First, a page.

7. Know their world. We need to be observers of our world, reading it, gaining ever increasing understanding of what motivates people, what ideals they aspire to, what moves them, what makes them tick. As we do we need to translate the gospel into their world at their points of concern and interest, bringing the gospel in their language, telling the story in a way that challenges them to know that there is a much better way. Paul did this, concerned to be a Jew to Jews and a Greek to Greeks. We do not compromise the core of the message, but allowing the story to be shaped in its form by the context we are in, and bringing it to bear on the things that matter for today's world. The 'unknown god' of Acts 17 is a great biblical example. Here Paul picks up a concept from the Athenian culture and tells the story around this idea. Paul used metaphors from his world like justification, redemption, reconciliation, sanctification etc in telling the story. John used the idea of logos. We need to be real with this culture.

8. Do the gospel. Christians debate the relationship between social justice/action and sharing the message. We do both. We are God's hands and feet to bring God's shalom to the world, to work to see God's purposes for this world brought closer. Sharing the faith must be set in the context of Christians working for good, for justice, caring for the poor and needy, reaching out with love to the hurting, healing etc. Without this dimension, our message becomes an isolated bleep in a world of noise that has no effect. The world is saying, 'show us Christ' not just tell us about him. We should be at the cutting edge of ecology, science, art, music, IT as well, as we show the deep wonderful creativity of God. Jesus said of the poor, 'you feed them'! We are to be God's agents to remove poverty and challenge injustice.

9. Use the right methods for today. We need to think deeply about the way we do evangelism. In the world of Paul etc, public speaking, letter and personal relationships through family and community were the primary mode of proclamation of any message. Hence we see them going around preaching publically, communicating through letter and spreading the message through community and family networks. In non-technological contexts public proclamation and community and family networks remains the primary media for communication. The message was fresh and never heard, meaning that there was novelty and excitement in the message, it never having been heard before.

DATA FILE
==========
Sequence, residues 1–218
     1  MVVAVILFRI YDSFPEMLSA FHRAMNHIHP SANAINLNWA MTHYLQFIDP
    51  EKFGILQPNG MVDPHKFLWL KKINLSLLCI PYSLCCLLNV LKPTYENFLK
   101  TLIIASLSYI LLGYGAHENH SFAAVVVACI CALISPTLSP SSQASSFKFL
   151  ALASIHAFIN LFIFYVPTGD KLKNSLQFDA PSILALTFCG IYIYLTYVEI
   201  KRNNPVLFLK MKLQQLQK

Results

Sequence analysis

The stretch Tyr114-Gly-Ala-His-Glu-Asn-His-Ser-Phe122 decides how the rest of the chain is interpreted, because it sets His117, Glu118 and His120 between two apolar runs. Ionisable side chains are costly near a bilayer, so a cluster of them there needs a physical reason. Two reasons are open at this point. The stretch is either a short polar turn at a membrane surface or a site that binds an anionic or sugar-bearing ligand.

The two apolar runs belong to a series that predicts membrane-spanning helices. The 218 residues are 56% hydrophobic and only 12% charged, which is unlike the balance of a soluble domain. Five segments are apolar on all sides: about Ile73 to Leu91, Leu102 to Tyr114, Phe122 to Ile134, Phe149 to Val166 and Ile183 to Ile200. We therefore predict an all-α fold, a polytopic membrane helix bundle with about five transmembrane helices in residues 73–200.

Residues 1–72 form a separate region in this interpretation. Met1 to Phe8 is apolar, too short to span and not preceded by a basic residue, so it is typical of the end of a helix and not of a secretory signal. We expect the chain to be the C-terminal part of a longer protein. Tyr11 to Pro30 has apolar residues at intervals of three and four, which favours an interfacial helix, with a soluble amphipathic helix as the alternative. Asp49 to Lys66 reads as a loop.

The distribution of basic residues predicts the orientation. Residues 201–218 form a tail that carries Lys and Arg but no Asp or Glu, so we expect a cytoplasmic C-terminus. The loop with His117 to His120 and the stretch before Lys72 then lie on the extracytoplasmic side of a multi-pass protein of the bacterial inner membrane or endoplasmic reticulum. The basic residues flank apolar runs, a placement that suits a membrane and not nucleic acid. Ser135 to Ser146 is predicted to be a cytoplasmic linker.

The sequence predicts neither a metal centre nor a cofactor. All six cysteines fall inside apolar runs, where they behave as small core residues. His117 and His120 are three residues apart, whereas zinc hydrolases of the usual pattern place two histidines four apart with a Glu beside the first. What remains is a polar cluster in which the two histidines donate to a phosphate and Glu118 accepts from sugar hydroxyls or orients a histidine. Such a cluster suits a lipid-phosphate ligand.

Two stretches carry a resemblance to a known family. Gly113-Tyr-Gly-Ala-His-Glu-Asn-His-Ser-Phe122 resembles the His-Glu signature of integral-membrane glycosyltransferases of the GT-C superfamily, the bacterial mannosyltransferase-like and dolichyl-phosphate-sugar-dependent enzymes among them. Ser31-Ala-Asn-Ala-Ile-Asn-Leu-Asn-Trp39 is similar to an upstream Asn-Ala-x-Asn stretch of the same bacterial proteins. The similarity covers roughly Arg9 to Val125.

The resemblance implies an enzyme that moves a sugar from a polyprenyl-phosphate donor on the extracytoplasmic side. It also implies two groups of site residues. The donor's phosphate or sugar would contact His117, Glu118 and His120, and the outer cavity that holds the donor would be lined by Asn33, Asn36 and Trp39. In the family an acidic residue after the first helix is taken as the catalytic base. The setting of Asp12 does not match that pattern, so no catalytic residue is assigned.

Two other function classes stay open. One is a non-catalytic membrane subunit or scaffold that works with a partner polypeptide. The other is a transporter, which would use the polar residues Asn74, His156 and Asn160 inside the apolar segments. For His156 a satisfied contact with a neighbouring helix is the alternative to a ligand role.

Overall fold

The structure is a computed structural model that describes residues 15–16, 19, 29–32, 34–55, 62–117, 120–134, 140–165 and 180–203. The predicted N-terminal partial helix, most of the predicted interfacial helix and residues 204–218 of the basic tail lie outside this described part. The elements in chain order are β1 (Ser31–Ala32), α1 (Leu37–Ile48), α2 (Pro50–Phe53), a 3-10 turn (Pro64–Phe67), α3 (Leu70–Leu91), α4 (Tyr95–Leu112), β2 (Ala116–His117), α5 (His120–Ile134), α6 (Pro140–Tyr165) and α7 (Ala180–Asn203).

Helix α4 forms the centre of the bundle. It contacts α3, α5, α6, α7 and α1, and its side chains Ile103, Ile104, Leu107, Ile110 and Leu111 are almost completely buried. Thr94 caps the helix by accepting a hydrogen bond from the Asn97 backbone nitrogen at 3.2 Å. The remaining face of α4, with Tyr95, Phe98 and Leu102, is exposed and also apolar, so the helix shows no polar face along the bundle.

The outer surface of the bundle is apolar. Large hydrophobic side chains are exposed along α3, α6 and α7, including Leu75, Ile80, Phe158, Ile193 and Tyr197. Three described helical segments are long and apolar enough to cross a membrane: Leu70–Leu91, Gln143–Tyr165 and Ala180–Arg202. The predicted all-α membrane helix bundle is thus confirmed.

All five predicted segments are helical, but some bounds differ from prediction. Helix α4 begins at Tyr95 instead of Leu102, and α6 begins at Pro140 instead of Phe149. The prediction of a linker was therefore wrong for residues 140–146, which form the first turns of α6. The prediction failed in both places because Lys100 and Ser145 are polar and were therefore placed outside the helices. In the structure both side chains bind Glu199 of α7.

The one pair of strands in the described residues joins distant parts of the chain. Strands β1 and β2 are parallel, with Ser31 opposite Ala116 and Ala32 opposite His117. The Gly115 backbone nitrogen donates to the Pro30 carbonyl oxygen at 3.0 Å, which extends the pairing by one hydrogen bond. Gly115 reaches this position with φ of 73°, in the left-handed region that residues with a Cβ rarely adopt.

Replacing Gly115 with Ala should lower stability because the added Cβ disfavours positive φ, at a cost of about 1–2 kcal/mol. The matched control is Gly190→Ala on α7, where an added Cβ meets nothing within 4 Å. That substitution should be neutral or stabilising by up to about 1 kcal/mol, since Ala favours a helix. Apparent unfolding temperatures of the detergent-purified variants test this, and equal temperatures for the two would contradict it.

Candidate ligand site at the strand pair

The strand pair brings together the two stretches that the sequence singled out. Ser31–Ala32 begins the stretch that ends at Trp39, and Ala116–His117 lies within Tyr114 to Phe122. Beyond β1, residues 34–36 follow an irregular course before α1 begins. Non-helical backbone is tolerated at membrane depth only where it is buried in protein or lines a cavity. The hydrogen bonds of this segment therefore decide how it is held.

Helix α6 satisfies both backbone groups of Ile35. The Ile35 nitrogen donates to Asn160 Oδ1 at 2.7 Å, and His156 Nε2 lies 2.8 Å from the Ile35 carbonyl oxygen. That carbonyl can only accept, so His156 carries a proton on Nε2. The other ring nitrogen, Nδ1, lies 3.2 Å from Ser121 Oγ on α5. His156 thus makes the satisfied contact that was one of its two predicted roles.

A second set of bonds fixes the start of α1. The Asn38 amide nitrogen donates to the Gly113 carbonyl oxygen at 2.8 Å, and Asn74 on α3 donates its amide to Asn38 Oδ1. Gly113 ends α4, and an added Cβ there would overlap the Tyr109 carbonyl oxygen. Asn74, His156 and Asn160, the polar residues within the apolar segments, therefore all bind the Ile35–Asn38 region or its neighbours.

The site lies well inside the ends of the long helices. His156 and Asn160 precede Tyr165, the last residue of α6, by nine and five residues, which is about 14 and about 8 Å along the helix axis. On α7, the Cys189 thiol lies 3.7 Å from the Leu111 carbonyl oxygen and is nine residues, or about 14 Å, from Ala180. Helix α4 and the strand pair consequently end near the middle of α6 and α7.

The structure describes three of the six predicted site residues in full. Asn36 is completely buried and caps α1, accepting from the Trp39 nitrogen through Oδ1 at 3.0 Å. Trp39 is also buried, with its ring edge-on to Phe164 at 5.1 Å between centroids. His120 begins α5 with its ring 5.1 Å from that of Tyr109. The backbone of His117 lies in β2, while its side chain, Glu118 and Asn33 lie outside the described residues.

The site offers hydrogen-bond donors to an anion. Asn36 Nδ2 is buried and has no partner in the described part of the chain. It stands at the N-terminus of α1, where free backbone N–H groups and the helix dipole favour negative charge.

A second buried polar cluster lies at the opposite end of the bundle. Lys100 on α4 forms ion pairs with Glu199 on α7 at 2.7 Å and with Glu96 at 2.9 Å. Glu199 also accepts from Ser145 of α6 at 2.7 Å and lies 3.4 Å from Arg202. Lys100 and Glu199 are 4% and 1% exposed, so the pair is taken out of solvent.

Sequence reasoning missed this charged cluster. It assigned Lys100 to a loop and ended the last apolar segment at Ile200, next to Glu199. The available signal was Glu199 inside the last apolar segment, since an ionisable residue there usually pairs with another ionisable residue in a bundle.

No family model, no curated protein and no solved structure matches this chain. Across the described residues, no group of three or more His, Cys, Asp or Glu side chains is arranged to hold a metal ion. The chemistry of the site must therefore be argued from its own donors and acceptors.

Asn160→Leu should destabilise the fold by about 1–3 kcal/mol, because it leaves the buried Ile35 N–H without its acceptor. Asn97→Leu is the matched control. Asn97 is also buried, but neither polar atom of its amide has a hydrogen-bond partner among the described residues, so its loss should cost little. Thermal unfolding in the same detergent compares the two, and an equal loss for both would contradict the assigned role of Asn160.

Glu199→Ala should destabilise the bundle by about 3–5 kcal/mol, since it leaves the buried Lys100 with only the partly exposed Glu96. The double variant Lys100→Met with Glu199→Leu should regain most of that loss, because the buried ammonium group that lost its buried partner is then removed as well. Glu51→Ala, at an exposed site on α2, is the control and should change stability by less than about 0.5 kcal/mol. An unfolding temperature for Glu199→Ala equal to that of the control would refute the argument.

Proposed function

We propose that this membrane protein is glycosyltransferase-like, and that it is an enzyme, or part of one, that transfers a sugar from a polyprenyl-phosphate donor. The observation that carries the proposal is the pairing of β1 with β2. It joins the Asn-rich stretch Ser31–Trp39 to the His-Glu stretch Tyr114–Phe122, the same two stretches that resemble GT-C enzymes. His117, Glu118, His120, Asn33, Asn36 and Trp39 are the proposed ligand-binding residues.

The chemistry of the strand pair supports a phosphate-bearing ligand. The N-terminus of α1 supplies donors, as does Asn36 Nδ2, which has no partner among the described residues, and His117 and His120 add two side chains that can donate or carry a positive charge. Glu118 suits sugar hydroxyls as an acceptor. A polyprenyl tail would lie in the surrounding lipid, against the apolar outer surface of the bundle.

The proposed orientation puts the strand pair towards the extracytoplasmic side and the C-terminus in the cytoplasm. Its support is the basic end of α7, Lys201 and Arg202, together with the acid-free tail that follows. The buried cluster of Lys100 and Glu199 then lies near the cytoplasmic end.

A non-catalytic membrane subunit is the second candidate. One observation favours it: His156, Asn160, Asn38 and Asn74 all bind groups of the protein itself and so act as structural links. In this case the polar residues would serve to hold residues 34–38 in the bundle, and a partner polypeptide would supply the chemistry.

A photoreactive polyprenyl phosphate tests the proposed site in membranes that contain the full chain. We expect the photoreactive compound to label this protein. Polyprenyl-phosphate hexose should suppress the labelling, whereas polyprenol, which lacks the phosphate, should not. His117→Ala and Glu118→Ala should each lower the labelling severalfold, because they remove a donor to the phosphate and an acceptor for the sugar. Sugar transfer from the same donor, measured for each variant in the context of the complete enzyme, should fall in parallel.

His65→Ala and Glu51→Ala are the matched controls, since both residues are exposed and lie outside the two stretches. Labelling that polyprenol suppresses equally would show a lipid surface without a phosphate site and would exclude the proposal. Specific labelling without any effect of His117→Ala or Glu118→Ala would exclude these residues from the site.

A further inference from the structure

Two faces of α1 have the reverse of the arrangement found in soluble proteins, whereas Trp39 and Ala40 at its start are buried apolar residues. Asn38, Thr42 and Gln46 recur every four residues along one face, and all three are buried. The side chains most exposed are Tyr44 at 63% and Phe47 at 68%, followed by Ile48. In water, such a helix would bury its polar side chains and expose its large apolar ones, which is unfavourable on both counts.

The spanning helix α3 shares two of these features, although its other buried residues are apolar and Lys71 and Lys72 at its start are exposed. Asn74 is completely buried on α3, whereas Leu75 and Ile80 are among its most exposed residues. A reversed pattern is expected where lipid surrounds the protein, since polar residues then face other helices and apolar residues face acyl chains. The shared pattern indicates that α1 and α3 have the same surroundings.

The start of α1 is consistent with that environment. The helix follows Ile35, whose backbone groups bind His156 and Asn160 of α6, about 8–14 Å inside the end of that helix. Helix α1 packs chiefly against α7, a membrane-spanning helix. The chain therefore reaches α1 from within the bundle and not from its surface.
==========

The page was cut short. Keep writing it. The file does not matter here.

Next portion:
In a context like NZ things are different. Now the primary networks are not as strongly family which are to a large extent fragmented but friendship and social networks. These networks remain a critical point of evangelisation. This requires a strategy of love, relationships and very sensitive sharing of the faith set in the context of mutual relationships where both parties are honoured and respected in their perspectives.

Public proclamation is no longer a primary means of communication. It has been superseded by communication through radio, TV, the internet and the print media. We Christians need to use these well, sharing the message through these avenues. I am not so much talking about 'Christian' radio stations or TV shows, although these done well could be useful and have a purpose in strengthening the saved. Rather, I am talking about Christian sensitive and thoughtful proclamation through secular media. Christian broadcasting association work at Easter and Christmas are excellent examples, where the Christian message can reach the lost. TV shows need to be far cleverer than evangelists utilising the old forms of proclamation, but through creative shows like those formed by Rob Harley. Movies which bring the story to the culture need to be made. Books that make it onto the bookshelfs of secular bookshops like the Kiwi Bible etc. Songs that subvert through Christian musicians are another way of reaching this world. Then there is the internet! Unfortunately we cannot control it, but it does give opportunity for the message to be proclaimed.

Older methods may not be the best way anymore. Knocking on doors leads to instant rejection as people are utterly suspicious of anyone who intrudes into their space and who seeks to 'sell them' something. Approaching strangers with the gospel is similarly a risky venture. Public proclamation can work if it is done brilliantly with catchy attractive music, drama, humour and skill. It needs to be positive and attractive rather than judgemental. It can't be naff in a world that is sophisticated. If it is not attractive, it can have the reverse effect of putting people off the faith.

So we need to do evangelism, but do so in a culturally relevant and holistic way. Not that we will all get it right and enthusiastic Christians will do all sorts of things to try and share the faith. Paul is helpful here. He delighted in Christ being proclaimed even where people's motives were all over the place (Phil 1:12-18). I think we should encourage anyone who dares to go out and have a go. We need to help them so that they do it really well and positively. We need to train them so that they do it in ways that are culturally appropriate and so that we do not cause unnecessary offence. The truth is that the gospel is offensive enough without our stupidity thrown in. Whether we get it right or not, we can trust in the message's power to do what God wants even where the efforts are not perfect. But we need to do our best to do it well.

Go for it.